My class has recently been studying gamma-ray coincidence and PET. Na-22 decays into $\beta^+$ (plus a neutrino), which then travels along in the material of a sample until it annihilates with an electron around one of the other atoms in the sample bulk. When that happens, two gamma rays are released at an energy of 0.511 MeV; they show up in a spectrum, can be used in coincidence tomography, etc.
These gamma rays are emitted back-to-back: this is because the primary source of energy for the coincident gamma rays is the rest mass energy of the electron and positron, not their pre-collision 3-momenta, because we are in a "low energy" situation. If we were to have a relatively high 3-momentum of the positron, the resultant gamma rays would be emitted at some angle deviating from $180^\circ$ to conserve 3-momentum.
The way this effect is presented is that this (high-energy situation) doesn't in fact happen naturally in Na-22: the gamma rays are emitted almost perfectly back-to-back, and this is the backbone of the entirety of PET. However, when I try to look up just much of a deviation can occur, it seems as though the (kinetic) energies of $\beta$ radiated out from Na-22 are in fact comparable to their rest masses ($\sim0.215$ MeV up to $1.820$ MeV from http://www.nucleide.org/DDEP_WG/Nuclides/Na-22_tables.pdf and http://nrv.jinr.ru/nrv/webnrv/map/nucleus.php?q=Na22 if I understand the sources correctly).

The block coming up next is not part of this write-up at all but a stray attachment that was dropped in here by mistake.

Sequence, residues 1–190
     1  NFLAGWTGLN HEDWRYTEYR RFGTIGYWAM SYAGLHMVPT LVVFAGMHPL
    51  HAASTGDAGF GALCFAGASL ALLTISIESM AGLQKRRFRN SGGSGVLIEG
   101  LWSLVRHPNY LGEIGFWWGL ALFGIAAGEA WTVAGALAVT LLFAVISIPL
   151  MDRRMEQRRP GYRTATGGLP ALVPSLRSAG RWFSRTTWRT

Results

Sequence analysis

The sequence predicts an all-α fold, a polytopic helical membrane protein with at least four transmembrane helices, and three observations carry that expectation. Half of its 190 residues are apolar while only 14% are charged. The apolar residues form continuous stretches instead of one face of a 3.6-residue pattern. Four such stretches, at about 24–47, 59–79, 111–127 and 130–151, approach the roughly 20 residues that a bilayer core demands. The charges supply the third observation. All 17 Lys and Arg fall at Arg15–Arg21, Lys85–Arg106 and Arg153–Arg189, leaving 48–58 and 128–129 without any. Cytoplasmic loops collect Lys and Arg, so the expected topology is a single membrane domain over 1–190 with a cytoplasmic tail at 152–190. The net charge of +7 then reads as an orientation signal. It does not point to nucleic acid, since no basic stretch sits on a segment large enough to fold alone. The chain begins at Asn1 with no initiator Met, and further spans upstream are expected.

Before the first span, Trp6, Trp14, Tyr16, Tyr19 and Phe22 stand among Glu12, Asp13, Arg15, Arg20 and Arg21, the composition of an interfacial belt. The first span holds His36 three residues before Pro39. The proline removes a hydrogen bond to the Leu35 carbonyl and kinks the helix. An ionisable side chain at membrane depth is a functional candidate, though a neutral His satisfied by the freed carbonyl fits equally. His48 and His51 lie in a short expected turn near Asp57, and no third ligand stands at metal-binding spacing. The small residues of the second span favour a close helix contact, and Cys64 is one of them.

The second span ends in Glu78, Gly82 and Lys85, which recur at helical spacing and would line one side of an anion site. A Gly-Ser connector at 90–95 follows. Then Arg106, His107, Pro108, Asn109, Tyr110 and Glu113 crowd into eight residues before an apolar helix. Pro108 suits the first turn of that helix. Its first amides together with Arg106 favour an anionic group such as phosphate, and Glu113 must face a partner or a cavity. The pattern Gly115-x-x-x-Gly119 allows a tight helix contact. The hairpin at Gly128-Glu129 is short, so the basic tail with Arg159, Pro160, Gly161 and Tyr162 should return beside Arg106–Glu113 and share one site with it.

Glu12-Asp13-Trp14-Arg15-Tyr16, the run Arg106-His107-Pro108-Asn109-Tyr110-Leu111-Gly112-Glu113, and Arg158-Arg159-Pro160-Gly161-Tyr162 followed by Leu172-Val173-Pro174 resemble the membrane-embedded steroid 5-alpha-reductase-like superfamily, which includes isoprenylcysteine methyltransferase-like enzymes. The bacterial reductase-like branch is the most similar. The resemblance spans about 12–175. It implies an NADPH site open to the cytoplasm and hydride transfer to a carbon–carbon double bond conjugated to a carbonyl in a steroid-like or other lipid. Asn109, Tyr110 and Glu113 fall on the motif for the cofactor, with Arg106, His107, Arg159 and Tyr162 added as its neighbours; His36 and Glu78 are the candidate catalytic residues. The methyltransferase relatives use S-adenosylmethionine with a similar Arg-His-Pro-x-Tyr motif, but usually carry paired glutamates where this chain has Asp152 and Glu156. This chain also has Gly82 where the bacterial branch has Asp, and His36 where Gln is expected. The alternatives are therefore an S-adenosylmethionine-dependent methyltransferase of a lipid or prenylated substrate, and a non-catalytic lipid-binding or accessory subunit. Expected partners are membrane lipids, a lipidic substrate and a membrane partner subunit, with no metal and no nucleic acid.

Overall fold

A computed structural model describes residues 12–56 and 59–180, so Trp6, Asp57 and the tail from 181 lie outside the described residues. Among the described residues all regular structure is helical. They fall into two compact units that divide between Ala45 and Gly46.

So what am I missing? Does the $\beta$ lose effectively all of its energy through other forms of radiation (Bramsstrahlung, etc.) before interacting with an electron? If so, why do we not observe it interacting "sooner"? Or am I confused about something more fundamental?